However, as I just wrote 1000 words and haven’t even gotten into the meat of Part II, let’s just say I’m doubting it’s merely 9000 words. I keep getting this feeling that it’s actually about 40-50K.

We’ll see.

There’s other stuff happening that I’ll talk about later. And I do have some announcements that I really should make.

In the meanwhile, though the DoJ and other law suits are trying to keep things interesting, I have to remember the basics, namely, that I can’t control all of that stuff out there. I can stay informed, try to make the best decisions for my business based on what I know (not rumor or speculation), but really, the only thing I can control is my output.

So keep writing.

Here’s a much funnier post on basically what I just said.

A Sword’s Poem

I know I have other things to chat about. But this is on my mind.

A Sword’s Poem was the historic fantasy I’d planned on writing after I’d finished The Jaguar and the Wolf. I’ve actually written the first 19K words.

The main character loses her mate in the first chapter, then is in denial about her mourning process through much of the rest of the novel.

Then I lost my mother.

It was impossible for me to write a character who was going through such a different mourning process. I had to put it away.

The novel is set in the early Heian period of Japan, around 680 AD, just as things were starting to change.

The hook?

Hikaru is a fox fairy. Her mate is killed, his soul, stolen, then reforged into a sword. Hikaru must find the sword and break the curse–but it’s never as easy as that.

I’d originally envisioned the novel with six, first person point of views. That’s really not doing me any favors. I know why I did it–all the journals from the time are written in first person. And there are 10 novels/journals from this time period.

I think the main character’s story should still be in first person — she’s in so much pain and grief, the reader needs distance from that. I think the scenes from the POV of the sword won’t work unless they’re first person. But the others should all be redrafted into third person.

Could I go back and write this novel now? I think so. I took extensive notes while I did 12+ months of research for it.

Plus, enough time has passed. The other problem with this novel was that I plotted out too much of it. There wasn’t enough left for me to discover, to make it interesting to write. I can ignore all of what I had planned now.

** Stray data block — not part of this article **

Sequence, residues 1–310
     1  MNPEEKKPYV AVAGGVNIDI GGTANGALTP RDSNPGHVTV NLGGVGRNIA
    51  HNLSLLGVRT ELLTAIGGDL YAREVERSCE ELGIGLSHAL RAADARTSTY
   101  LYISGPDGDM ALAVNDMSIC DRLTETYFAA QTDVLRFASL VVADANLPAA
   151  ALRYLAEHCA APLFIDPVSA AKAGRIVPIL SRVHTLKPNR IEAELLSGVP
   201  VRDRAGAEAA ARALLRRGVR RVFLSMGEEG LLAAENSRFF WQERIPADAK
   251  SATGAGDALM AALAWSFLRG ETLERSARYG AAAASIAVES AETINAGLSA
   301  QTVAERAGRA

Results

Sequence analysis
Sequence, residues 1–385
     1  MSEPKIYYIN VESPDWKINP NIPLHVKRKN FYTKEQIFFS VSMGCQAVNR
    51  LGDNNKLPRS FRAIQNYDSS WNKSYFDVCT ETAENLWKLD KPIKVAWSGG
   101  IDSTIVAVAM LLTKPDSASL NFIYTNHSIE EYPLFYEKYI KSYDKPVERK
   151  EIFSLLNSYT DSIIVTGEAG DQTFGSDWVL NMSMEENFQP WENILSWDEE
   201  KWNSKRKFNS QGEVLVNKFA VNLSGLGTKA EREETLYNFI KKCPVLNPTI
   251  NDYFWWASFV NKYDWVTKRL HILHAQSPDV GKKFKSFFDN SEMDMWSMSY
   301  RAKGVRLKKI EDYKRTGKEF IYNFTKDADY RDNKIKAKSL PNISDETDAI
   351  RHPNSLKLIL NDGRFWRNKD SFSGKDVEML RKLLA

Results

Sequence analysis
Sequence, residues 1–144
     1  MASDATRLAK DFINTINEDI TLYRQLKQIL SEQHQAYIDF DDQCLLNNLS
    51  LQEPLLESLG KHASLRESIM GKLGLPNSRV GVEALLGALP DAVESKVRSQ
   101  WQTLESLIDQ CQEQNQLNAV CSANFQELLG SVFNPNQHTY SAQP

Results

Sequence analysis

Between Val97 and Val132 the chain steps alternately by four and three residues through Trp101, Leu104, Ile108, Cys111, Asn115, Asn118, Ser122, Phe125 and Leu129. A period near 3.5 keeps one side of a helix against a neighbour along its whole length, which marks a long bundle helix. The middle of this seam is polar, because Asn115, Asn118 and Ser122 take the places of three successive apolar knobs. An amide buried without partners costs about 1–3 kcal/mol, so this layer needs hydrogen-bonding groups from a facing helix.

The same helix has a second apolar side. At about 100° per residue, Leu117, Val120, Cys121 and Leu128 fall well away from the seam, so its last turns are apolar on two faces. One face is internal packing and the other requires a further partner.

I’m not convinced that I’ll go back to write this novel. I kind of want to, though. Some of it’s so pretty. I was steeped in Japanese poetry when I started: it shows in the language. I like the characters, and I still can see some of the scenes further on in the novel. It’s just — time, as much as anything else.

The good news is that I read through the first chapter of Siren’s Call, the novel I’m supposed to write next. It’s in pretty good shape — MUCH better shape than Zydeco Queen. It needs some updating, but I think I can go through with that novel as well. And it won’t take me too long to finish.

So we’ll see what the next novel, after Siren’s Call, turns out to be — if it’s a brand new novel, Popcorn Thief or the historic fantasy.

Free fiction!

As promised, when I post a new story I also make it available for free for a week on my web site.

The Key To Many Places

Sure, Martin is Irish. And he doesn’t stand more than four feet tall. Maybe he has a fondness for red jackets. Perhaps also a shoe collection that would rival Carrie Bradshaw’s.

And sometimes, yes, he can make wishes come true.

But that doesn’t make him a leprechaun…or does it?

This was one of the short stories I wrote at the workshop last week. The other short story, honestly, it isn’t finished yet. I added a scene to “end” it, but it really wasn’t the end of it. I’m not sure where that story ends yet. If it’s a 9000 word short story or a 20,000 word novella. (The title — The Raven and the Dancing Tiger)

I’m moving forward well on Zydeco Queen. Will be finished with it next week. Think I’ll move to the raven story. I’m looking forward to the journey.

Norwescon 2012

Okay — here’s my schedule for Norwescon. I will be around later in the day on Saturday, as well as Sunday.

Saturday 9-11 am Baker
Writers Workshop – Round Robin 1

Saturday 11 am – 1 pm Maxi’s Ballroom
Single Pattern Contest Judging
Closed Judging session for the Single Pattern Contest entries.

Sunday 10 am Evergreen 1&2
Should You Publish an E-Book First?
The publishing landscape is changing rapidly. Now anybody can e-publish a manuscript and even sell it on Amazon. But just because you can, should you?
Leah Cutter (M), Mike Shepherd Moscoe, Matt Youngmark, Ken McConnell

Sunday 11 am – 1pm Salon
Writers Workshop – Round Robin 4

I will be missing the Broad Universe RFR due to the pattern judging contest. I bought chocolate covered figs for the chocolate raffle they’ll be having. I’ll try to remember to bring it to the panel instead on Sunday.

Hope to see at least some of you there!